Posted 28 March 2013 - 08:46 AM
Ok, I didn't explain the motivation of Izumi in detail in my story outline. He wants to show the world that his father's techniques/school is the best because he keeps hearing of other inferior swordsmen boasting of their prowess. His father is humble and never shows off. His father's father fought and defended the village from marauding bandits many decades ago and was a hero, but never used the sword since. His father never used the sword either. Izumi hopes to honor his father, and grandfather, by proving that their school/method is the best. So it was never about fame for himself, but to honor the family name.
The theme is about good intentions going completely awry. What starts as a simple desire to honor his family ends in a bloodbath and even the murder of his own father (with an ambush of arrows, not a fair sword duel). Instead of learning the lesson of humility as his grandfather and father had tried to teach him, Izumi goes on a warpath to kill all challengers, and their families.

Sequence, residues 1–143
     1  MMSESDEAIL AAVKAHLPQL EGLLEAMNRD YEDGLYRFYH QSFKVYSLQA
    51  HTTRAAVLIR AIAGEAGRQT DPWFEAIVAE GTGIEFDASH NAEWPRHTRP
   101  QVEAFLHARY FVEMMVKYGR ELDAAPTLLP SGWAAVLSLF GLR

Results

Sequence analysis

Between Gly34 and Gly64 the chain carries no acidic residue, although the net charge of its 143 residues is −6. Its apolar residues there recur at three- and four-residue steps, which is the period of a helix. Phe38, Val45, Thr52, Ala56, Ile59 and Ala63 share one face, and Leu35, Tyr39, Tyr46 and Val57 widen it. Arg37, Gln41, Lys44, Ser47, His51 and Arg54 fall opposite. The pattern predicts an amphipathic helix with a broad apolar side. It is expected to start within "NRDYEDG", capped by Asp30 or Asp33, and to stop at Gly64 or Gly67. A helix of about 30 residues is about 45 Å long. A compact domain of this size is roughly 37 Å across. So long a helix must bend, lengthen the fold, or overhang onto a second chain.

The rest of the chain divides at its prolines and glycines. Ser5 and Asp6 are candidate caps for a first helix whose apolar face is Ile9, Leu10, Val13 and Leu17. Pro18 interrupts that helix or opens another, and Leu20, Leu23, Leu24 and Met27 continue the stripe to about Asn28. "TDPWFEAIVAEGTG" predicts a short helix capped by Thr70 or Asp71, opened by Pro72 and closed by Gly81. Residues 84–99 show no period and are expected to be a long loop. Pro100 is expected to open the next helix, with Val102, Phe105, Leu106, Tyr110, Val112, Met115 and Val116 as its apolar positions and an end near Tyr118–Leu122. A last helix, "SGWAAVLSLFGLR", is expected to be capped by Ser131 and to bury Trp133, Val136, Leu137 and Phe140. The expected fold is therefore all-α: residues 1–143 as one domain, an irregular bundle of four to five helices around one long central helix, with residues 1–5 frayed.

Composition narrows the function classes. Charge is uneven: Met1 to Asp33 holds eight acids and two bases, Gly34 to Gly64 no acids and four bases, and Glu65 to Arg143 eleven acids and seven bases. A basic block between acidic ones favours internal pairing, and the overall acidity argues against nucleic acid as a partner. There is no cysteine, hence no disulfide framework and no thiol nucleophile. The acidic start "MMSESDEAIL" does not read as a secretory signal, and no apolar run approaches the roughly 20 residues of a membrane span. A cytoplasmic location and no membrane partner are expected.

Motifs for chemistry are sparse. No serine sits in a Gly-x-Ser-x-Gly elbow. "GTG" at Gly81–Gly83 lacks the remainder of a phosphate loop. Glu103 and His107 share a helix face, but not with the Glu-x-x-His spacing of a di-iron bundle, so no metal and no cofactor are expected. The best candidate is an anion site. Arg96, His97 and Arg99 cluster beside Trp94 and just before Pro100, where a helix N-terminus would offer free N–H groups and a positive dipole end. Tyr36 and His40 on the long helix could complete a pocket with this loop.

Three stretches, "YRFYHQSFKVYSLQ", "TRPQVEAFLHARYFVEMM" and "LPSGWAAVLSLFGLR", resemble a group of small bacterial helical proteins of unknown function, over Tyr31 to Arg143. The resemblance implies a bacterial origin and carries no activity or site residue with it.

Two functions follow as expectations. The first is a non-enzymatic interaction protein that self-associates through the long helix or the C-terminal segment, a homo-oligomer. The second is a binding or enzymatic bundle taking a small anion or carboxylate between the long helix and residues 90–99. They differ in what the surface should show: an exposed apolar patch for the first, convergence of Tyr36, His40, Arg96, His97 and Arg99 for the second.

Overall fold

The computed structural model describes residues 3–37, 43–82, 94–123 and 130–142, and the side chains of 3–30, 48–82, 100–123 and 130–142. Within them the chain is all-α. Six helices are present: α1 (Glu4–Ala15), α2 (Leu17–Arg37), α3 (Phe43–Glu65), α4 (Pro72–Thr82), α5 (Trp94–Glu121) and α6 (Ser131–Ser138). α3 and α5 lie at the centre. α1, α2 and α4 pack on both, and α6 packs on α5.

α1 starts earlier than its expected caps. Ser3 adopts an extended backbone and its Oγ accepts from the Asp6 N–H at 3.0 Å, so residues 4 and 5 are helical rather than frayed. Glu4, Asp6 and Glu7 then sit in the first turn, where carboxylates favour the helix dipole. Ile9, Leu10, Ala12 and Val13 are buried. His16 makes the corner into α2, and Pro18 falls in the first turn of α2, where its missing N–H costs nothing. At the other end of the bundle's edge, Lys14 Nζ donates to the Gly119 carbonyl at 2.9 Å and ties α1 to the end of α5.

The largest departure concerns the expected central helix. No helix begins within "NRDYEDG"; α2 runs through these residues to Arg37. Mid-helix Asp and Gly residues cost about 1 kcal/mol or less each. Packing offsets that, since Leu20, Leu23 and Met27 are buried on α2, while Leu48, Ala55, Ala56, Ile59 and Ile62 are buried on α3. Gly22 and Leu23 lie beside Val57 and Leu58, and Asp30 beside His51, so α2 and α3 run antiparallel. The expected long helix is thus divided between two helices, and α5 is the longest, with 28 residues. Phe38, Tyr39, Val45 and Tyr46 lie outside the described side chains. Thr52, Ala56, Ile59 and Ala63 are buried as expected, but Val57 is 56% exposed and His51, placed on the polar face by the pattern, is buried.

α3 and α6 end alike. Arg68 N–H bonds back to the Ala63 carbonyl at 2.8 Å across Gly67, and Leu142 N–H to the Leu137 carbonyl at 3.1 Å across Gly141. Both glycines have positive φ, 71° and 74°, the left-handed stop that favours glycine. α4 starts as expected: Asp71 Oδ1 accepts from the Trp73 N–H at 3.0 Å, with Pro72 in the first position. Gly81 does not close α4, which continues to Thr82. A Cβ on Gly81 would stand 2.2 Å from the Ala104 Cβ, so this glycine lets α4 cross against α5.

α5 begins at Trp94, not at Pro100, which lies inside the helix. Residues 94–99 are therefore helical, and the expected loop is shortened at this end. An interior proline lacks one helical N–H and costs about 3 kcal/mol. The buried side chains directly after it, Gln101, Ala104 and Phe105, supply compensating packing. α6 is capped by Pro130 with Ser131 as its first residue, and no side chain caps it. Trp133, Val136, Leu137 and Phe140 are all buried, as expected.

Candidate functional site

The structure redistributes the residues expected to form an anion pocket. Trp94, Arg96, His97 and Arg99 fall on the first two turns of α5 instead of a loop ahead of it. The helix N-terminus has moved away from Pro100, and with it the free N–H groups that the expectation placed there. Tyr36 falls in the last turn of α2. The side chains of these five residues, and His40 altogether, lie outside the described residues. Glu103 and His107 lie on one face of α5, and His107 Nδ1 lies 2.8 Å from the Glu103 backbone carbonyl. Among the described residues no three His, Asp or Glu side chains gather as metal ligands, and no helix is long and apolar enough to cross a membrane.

So the central question is "does Izumi really want to be the best swordsman in Japan?" The phrase "really want" refers to what is really best for Izumi, and not simply referencing his desire. So the answer is "no". Izumi's intent is to honor his family name. What is best for Izumi is to honor his family's wishes and learn the lesson of humility. The elder cane master/grave attendant, who defeats Izumi and breaks his hands, does not appear until the very last part of the film (only after he overhears Izumi's vows of vengeance), and is not a major player in the tale--he's only there to provide the twist ending.
This is a very "Japanese" type tale, which are often disquieting and filled with irony. By the way, this tale is inspired by the true life history of Miyamoto Musashi, the greatest swordsman in Japan. He started dueling after seeing a public challenge issued in his home town. His string of victories led to his father's murder by relatives of defeated opponents. He reigned supreme as the best swordsman in Japan. However, he was defeated by only one person--a staff master. I just added the irony and message of humililty into the mix (since this lesson's topic is "the message").